Mr Bleaney

Topics: Poetry, Philip Larkin, Stanza Pages: 4 (1481 words) Published: January 30, 2011
'Mr Bleaney'

'Mr Bleaney' by Philip Larkin is a poem which describes a person in an interesting way. The poem is about a man who rents a very small, basic bed-sit. While living in this room, the persona learns about the previous tenant's, Mr Bleaney, life, and how the basic and empty room reflects his personality. The persona's unspoken thoughts gives the reader a clear insight to Mr Bleaney's monotonous life and the sort of man he was. By the end of the poem, the persona realises that by accepting these terrible living conditions, he is in fact becoming Mr Bleaney. Larkin uses many poetic techniques in a way that makes Mr Bleaney seem interesting.

From the beginning of the poem, the reader is intrigued by the character of Mr Bleaney as it seems he has no control over his life. The reader first sees this in stanza one when the persona is talking to the landlady.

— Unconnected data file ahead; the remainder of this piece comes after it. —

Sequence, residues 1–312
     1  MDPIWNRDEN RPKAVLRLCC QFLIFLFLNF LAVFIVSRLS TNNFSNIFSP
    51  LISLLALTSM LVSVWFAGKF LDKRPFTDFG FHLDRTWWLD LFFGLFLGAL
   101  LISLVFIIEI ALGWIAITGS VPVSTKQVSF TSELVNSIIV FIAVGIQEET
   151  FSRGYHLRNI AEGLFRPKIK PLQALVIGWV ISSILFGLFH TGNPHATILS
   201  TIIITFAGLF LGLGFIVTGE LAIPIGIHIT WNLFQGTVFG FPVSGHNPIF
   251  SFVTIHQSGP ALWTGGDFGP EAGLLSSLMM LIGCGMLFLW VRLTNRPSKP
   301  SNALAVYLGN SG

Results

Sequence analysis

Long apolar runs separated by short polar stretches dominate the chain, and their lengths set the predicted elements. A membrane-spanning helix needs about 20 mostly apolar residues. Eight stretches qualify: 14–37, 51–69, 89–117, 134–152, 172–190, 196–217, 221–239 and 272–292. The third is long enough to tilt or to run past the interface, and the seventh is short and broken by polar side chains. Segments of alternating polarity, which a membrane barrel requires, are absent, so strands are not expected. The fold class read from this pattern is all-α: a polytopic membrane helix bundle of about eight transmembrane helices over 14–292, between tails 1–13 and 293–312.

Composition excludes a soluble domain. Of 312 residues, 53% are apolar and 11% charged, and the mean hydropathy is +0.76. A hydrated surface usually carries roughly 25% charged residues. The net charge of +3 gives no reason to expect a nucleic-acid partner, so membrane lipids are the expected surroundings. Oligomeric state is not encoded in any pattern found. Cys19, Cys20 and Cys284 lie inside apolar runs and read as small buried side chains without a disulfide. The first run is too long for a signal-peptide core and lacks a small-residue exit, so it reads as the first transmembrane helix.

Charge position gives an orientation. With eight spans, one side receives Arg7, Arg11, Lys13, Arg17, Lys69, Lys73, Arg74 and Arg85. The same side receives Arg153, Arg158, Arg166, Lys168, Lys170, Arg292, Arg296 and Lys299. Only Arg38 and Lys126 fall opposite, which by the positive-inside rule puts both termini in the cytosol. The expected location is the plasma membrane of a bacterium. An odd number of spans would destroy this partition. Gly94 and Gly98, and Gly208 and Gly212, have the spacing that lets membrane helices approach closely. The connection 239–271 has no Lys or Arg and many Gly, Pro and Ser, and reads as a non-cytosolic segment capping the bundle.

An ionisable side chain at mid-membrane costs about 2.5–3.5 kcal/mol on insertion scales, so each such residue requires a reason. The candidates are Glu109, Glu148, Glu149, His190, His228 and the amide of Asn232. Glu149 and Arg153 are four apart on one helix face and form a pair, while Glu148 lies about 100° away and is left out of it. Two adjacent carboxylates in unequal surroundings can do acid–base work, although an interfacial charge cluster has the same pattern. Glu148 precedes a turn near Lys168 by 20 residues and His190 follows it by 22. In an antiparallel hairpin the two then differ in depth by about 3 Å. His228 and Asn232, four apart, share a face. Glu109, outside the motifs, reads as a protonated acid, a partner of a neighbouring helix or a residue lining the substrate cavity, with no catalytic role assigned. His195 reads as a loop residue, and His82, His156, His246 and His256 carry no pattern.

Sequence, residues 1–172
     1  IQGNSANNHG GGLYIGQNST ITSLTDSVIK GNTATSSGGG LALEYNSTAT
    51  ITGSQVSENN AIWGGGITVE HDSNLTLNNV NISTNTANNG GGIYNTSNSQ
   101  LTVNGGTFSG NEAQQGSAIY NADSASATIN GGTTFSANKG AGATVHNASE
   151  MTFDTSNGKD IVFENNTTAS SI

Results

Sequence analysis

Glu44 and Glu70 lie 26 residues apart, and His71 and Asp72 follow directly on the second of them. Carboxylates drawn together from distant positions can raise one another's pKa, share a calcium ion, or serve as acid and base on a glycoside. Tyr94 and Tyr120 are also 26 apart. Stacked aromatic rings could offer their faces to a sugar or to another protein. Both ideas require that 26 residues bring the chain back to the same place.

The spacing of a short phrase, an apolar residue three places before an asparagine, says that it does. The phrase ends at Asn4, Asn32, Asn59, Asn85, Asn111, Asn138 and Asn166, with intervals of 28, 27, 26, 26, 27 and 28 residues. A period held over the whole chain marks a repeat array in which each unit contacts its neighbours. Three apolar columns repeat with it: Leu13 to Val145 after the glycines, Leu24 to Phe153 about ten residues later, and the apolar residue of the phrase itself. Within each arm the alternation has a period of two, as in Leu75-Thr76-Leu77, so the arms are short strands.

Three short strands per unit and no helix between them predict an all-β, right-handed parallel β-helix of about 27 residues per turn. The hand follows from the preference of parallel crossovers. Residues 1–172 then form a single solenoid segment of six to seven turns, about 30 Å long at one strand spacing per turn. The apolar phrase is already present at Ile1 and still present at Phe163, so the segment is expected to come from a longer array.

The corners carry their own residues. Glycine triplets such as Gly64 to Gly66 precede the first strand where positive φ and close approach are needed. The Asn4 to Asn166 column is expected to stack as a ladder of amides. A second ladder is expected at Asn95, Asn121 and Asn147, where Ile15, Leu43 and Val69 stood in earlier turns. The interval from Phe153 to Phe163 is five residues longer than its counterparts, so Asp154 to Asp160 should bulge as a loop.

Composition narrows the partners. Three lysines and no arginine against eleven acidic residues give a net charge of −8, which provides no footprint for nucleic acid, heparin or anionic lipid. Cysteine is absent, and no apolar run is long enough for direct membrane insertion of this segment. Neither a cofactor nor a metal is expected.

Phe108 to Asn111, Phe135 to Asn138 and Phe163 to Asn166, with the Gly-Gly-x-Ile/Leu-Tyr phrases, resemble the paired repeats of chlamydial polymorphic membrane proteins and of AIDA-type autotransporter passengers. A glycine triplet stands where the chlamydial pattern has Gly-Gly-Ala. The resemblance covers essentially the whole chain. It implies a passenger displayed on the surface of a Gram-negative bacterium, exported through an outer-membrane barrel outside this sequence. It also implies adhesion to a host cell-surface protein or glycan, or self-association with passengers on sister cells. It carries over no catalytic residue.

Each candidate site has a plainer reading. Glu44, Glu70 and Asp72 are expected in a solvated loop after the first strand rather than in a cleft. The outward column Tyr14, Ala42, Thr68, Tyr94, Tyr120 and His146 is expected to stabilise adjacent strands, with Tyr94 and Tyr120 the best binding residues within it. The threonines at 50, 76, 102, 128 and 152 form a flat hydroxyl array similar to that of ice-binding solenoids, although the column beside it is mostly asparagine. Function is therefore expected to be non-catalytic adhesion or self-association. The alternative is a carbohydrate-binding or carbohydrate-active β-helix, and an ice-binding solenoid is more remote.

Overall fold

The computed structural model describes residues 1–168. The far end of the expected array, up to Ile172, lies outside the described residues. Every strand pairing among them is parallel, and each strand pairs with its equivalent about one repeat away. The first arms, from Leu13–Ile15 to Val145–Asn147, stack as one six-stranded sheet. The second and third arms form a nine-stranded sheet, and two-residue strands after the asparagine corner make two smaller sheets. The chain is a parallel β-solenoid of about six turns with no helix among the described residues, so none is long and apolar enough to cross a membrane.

“.. till
They moved him.”
This suggests to the reader that Mr Bleaney had no choice in the matter of moving or where he moved to. The reader gathers this from the word “they”, it shows that Mr Bleaney was moved unwillingly from the bed-sit or else the poet might have instead wrote “he”, showing the Bleaney wanted to move. Here, the character of Mr Bleaney is interesting to the reader because of his lack of independence despite his age.

Also in the first stanza, the reader is intrigued by the emptiness of Bleaney’s life which is conveyed by the emptiness of the bed-sit he once lived in. The poet continues to describe the room throughout the poem.

“.. Flowered curtains, thin and frayed
Fall to within five inches of the sill,”
“Flowered” has connotations of natural health, beauty and life which is ironic to the bareness inside and outside of the room because the persona then goes on to describe the curtain’s as “thin and frayed”, showing to the reader that the curtains are in a poor condition and they will not serve their purpose of keeping heat in the small room. In the last line...
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